Prison for computer crime

The Justice Ministers of the 15 Member States of the European Union have decided to modify their country laws, with the aim of including prison sentences for the authors of computer crime. This decision may have more implications than it may seem: there are many different types of computer crimes, and all of them can be seen from different perspectives.

For example, the attacks “against the integrity of information systems and databases carried out with the intent of hindering or interrupting the system’ will be a principal target of new legislation. That is, when a system is accessed and modified to affect its operation.

However desirable it may be that these attackers end up in jail, without being a legal expert, this will be difficult if the author of the attack can not be identified.

When a hacker wants to access a computer and steal information, he does not identify himself. If he did, it would be as if a thief went into a bank and said: “Hi, it’s me, I’m Jane Bloggs, I want to steal your money’. For that reason, a hacker will try to hide his actions in many different ways: from the most simple one, like using a computer in a Cybercafe, to the most sophisticated ones, like the usage of Trojans or logins in ill-protected computers.

It is very difficult to identify the computer from which the attack is being carried out, even more if we take into account that there are many counties which do not have adequate controls over ISPs or telephone service operators. What’s more, there are free Internet connections with anonymous users, in many countries, that allow people to hide the number from which the telephone call is made. Summing up, a person could make a phone call to connect to the Internet without anybody knowing who or where he is.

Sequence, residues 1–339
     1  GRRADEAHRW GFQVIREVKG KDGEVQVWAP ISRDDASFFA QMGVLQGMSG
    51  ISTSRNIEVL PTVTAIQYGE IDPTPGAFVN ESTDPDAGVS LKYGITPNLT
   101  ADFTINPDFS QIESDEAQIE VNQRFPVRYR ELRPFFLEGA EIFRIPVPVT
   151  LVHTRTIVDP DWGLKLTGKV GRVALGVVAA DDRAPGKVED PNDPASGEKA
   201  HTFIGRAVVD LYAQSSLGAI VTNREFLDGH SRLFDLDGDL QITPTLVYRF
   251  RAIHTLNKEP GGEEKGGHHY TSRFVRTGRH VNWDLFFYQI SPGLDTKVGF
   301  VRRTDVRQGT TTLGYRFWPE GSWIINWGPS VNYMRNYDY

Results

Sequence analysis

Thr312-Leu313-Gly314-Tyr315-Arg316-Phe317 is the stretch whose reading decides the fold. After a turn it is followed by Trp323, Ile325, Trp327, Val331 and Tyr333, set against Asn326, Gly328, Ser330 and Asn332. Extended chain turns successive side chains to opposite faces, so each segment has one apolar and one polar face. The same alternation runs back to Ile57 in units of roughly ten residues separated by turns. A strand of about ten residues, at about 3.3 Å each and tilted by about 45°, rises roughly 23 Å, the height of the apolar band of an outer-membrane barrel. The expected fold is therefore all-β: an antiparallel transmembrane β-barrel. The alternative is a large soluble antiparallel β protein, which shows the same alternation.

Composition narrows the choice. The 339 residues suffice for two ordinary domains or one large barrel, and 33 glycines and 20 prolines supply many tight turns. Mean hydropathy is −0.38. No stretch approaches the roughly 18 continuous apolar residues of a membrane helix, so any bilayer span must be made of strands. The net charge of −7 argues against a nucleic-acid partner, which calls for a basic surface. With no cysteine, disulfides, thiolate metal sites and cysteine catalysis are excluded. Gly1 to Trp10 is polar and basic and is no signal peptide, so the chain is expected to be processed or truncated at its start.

It is even easier to search for an unprotected computer (without a personal firewall and antivirus) on the Internet. Once the hacker finds it, he just needs to find an open port and log in. From that moment on, the attacks would seem to have been carried out from that computer. Of course this is a good reason for not forgetting to have your personal firewall enabled while connected to the Internet.

Another crime that the legislation aims to deal with is the spreading of viruses, which is even more surprising than the case above. Every user is a potential virus distributor since, once a computer becomes infected, the malicious code will automatically spread itself to other users.

Obviously, the European Union wants to punish the person that first sends the virus out, who intentionally causes the first infections. But it is all to easy to do this by using a computer in a Cybercafe, a free website, or even a USENET newsgroups.

It must be taken into account that this first distributor could be a 14 year boy. This leads us to the conclusion that the real guilty party is the virus writer. He is the one to be punished. The problem is that this person has a series of resources to protect himself from the current legislation. As an example: if I am Chilean and I create a virus and leave it in a web page with a “.TV’ domain -which is located in a Japanese server- and a European kid uses it to carry out an infection, who is to be blamed? What does the Chilean legislation say about it? And Tuvalu’s one, which is the legislation to which the domain belongs? And does the Japanese government provide for this problem? Is the European Union the one who finally will put one of its citizens in jail?

In the best of the cases (when the process is carried out in the European Union), if the virus writer has included the message “I do not accept responsibility for the wrong usage of this code, which I have left here for investigation purposes’ the writer will not be culpable.

Whatever the law does to punish criminals, they will continue to exist, and they will be many! For that reason, the best thing to do is to protect your computer with a good antivirus and a personal firewall, and go on enjoying the Internet!

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